Kiernan lets the women tell their own stories, and if many of them are similar, the cross-section is still broad. Especially interesting is the vast difference in experiences based on race, the United States still viciously segregated at the time. It’s also interesting to see how this group of clever young people made a dry county one of the best areas for the production and smuggling of moonshine in the U.S. Many of the women Kiernan interviewed were shocked at the war’s end to realize what exactly they had been working on. Most of them, though, remained in Oak Ridge - at least the town if not the facility.
O.J. Brigance knows what it’s like to be a winner on and off the field. He had a remarkable career as an NFL linebacker, including as a member of the 2000 Baltimore Ravens’ Super Bowl winning team. Following that victory, Brigance joined the front office to help create more championship teams for the purple and black. But in 2007, he was diagnosed with ALS, Lou Gehrig’s disease, and his life was forever altered. Peter Schrager, FoxSports.com senior writer, and Brigance share his inspirational story of perseverance and hope in Strength of a Champion: Finding Faith and Fortitude Through Adversity.
Upon diagnosis, doctors told Brigance he would have three to five years to live, years which would be marked by the loss of speech and mobility. But Brigance, familiar with hits on the field, refused to give up. Rather than follow a path of self-pity, Brigance viewed his diagnosis as an opportunity. With faith, determination and the love of his wife Chanda, O.J. fought back and raised awareness for this debilitating disease. No longer able to walk or speak, Brigance remained a vibrant presence in Baltimore’s front office and touched everyone in the organization as the team claimed another Super Bowl victory in 2013.
Brigance received motivation and energy from the team as well, and shared special bonds with players and coaches. Upon hearing of Ray Lewis’ retirement, Brigance told him to go out a champion. And when illness threatened his appearance at the Super Bowl, he recovered and delivered a moving pre-game message to the team. At the conclusion of Brigance’s powerful speech, Coach John Harbaugh had no doubt that the Super Bowl would be Baltimore’s. Brigance shares wonderful behind-the-scenes stories and humorous anecdotes which will appeal to ardent football fans, but this story of one courageous man living a life of inspiration and faith transcends the football field. Learn more about The Brigance Brigade, O.J.’s foundation dedicated to equipping, encouraging, and empowering people living with ALS.
Americans adore our pets, and these eye-catching new photography books will bring smiles to the faces of animal lovers. When Carli Davidson bought a camera with a high-speed shutter, she began taking photos of animals and posting some online. Those photographs went viral. Her new book Shake features photographs of over 60 dogs along with Davidson’s answers to questions about her photography style. These pictures of exuberant dogs caught mid-shake are both comical and endearing. The New York Times aptly calls Davidson’s work a "hilarious portrayal of flying fur, flopping jowls and bulging eyes." Shake is a lively and vibrant companion to Seth Casteel’s Underwater Dogs books.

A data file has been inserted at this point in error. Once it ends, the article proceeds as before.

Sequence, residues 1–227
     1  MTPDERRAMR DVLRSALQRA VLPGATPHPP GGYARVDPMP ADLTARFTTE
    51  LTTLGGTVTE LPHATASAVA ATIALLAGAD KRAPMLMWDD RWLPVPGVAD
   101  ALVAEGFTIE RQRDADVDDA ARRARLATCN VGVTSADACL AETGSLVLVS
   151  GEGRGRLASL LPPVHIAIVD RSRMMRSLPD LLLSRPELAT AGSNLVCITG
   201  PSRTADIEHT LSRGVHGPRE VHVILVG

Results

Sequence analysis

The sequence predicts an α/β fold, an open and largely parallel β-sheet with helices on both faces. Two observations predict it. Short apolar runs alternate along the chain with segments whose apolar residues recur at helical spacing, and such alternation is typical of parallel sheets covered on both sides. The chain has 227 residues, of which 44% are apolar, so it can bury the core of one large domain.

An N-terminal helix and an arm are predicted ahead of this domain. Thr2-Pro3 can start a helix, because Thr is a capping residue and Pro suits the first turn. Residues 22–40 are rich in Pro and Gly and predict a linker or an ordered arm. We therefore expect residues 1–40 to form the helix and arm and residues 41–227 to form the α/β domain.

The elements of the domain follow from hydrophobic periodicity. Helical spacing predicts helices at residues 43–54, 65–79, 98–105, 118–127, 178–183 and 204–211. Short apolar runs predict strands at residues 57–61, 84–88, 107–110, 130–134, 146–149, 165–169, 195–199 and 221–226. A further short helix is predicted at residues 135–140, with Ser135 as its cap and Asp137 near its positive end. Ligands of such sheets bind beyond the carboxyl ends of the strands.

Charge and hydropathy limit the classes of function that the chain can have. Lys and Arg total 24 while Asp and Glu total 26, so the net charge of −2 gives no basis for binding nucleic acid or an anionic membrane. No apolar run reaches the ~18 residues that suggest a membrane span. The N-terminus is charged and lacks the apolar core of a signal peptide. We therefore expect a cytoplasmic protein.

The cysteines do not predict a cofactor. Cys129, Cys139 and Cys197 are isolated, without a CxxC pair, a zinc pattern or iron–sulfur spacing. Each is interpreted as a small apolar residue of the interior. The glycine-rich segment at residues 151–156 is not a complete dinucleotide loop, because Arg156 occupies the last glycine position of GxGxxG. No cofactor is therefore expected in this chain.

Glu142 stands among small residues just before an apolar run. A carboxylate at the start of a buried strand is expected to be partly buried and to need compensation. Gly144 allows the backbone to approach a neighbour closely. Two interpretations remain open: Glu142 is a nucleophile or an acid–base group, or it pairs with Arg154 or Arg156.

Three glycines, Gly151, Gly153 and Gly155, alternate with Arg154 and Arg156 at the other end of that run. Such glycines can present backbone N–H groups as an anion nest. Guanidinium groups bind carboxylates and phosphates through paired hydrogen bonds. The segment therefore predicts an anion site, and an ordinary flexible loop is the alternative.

David Tabatsky brings us another look at man’s best friend with Beautiful Old Dogs: A Loving Tribute to Our Senior Best Friends. The book combines stunning photographs by the late Garry Gross and essays from Anna Quindlen, Victoria Stilwell, Doris Day, Dean Koontz, Marlo Thomas and many others. Gross, who was a noted fashion photographer for many years, was passionate about caring for senior dogs, and that is reflected in his photographs. Beautiful Old Dogs is an emotional and loving tribute that will touch dog lovers. As Gross said, they are “[d]ogs with soul in their eyes.”
If you’re more of a cat person, Sarah Beth Ernhart’s Kittenhood: Life-size Portraits of Kittens in Their First 12 Weeks may be more your speed. This oversized book features life-size photographs of kittens during the first weeks of their lives. These irresistible and adorable kittens will charm cat lovers. Ernhart captures the infectious playfulness and cuddliness of kittens in this collection of stunning photographs.
Art historian Paul Koudounaris has developed a grotesque but incredibly interesting research niche as he uncovers Heavenly Bodies: Cult Treasures & Spectacular Saints from the Catacombs. In this, the follow-up to his 2011 Coup de Coeur award-winning Empire of Death: A Cultural History of Ossuaries and Charnel Houses, Koudounaris continues to delve deep into the centuries-old mystery of the veneration and bejeweling of full skeletons and individual bones of Christian “saints” in Europe. In the past, the relics have made their appearances only once a year at festivals, but the author was granted unprecedented access to examine and photograph these unique marvels.
Beginning in the early middle ages, the remains of various Christian martyrs were buried in the Roman catacombs. Long forgotten, the skeletons filled the underground passages until the era of the Protestant Reformation. In the late 1500s through the following century, many Catholic churches were looking for relics that would help to invigorate their parishioners to remain devoted. These churches, mostly in Germany, Austria and Switzerland, were sent authenticated bones from The Vatican with official documentation identifying them as having belonged to early Christian martyrs. In the intervening years, many of these unofficial saints have been “decanonized” by Roman Catholic officials.
Individual examples and stories of the relics and the stunning manner that they are displayed make up the bulk of this fascinating look at the crossroads of religion, art and history. Sumptuous photographs of the artifacts in all their dazzling glory, including a breathtaking double-page spread of the “Chapel of Bones” at the Basilica of St. Ursula in Cologne, complete this unique volume.